The most common problem with recursion is infinite loops. SQL Server solves this problem by defining a serverwide recursion level limit setting, called MAXRECURSION, which defaults to 100. You can also specify the MAXRECURSION hint in your outer query to limit the recursion level for that query.
A CTE can refer to another CTE, as illustrated in the following query:
WITH YearlyOrderAmtCTE(OrderYear, TotalAmount) AS ( SELECT YEAR(OrderDate), SUM(OrderQty*UnitPrice) FROM Sales.SalesOrderHeader AS H JOIN Sales.SalesOrderDetail AS D ON H.SalesOrderID = D.SalesOrderID GROUP BY YEAR(OrderDate) ), SalesTrendCTE(OrderYear, Amount, AmtYearBefore, AmtDifference, DiffPerc) AS ( SELECT thisYear.OrderYear, thisYear.TotalAmount, lastYear.TotalAmount, thisYear.TotalAmount - lastYear.TotalAmount, (thisYear.TotalAmount/lastYear.TotalAmount - 1) * 100 FROM YearlyOrderAmtCTE AS thisYear LEFT OUTER JOIN YearlyOrderAmtCTE AS lastYear ON thisYear.OrderYear = lastYear.OrderYear + 1 ) SELECT * FROM SalesTrendCTE; GO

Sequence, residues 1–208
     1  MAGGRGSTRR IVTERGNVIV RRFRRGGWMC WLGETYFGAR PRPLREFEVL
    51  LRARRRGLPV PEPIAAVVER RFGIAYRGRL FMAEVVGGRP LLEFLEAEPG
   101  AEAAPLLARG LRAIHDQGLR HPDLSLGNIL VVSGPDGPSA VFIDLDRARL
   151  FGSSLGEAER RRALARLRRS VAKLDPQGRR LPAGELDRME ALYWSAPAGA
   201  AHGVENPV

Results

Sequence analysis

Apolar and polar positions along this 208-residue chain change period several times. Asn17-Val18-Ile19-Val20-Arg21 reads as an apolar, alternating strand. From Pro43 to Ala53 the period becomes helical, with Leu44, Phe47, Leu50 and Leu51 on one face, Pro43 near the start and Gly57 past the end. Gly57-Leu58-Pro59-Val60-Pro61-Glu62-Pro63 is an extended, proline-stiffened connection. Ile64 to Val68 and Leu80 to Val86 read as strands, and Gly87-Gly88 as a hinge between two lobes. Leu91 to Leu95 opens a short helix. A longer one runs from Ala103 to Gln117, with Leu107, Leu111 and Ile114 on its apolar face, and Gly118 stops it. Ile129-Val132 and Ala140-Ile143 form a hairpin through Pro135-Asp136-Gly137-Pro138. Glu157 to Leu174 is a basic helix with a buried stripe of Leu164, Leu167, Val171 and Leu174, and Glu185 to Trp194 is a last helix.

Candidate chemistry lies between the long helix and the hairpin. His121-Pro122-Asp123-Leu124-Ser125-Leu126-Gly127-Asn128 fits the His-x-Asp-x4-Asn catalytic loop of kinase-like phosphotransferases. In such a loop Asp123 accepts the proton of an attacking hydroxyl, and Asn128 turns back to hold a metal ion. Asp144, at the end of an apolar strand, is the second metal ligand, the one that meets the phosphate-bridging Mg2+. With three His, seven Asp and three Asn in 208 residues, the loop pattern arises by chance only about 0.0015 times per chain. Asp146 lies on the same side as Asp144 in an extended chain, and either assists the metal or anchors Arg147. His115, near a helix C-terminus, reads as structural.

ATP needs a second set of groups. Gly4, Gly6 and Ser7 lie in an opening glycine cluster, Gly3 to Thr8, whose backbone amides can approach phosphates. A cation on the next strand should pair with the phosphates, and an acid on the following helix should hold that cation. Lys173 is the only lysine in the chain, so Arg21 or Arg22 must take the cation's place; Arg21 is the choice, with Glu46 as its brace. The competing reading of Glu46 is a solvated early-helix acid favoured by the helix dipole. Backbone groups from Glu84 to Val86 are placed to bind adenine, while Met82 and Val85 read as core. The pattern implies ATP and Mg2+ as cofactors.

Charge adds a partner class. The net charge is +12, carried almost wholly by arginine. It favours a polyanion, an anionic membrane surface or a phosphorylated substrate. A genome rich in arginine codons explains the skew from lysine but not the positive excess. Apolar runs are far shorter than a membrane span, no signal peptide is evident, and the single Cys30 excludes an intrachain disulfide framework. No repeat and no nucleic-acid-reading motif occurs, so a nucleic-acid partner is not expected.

This query defines two non-recursive CTEs. The first CTE, called YearlyOrderAmtCTE, groups the total sales by year. This CTE is then used in the second CTE, called SalesTrendCTE, and the outer or main query selects all the rows from SalesTrendCTE. The preceding query returns the following results:
OrderYear Amount AmtYearBefore AmtDifference DiffPerc --------- --------------- -------------- -------------- --------- 2001 11336135.376 NULL NULL NULL 2002 30859192.305 11336135.376 19523056.929 172.21 2003 42308575.2263 30859192.305 11449382.9213 37.10 2004 25869986.4061 42308575.2263 -16438588.8202 -38.86
When a CTE is used in a statement that is part of a batch, the preceding statement in the batch must be followed by a semicolon.
Neither recursive nor non-recursive CTEs can include the following clauses in the defining, or inner, query for the CTE:
Recursive CTEs have the additional following restrictions:
Let's look at the power of CTEs, using a simple example. In this example, a report is created to show each manager, his or her direct reports, and the employees under each manager's direct reportskind of an organization chart: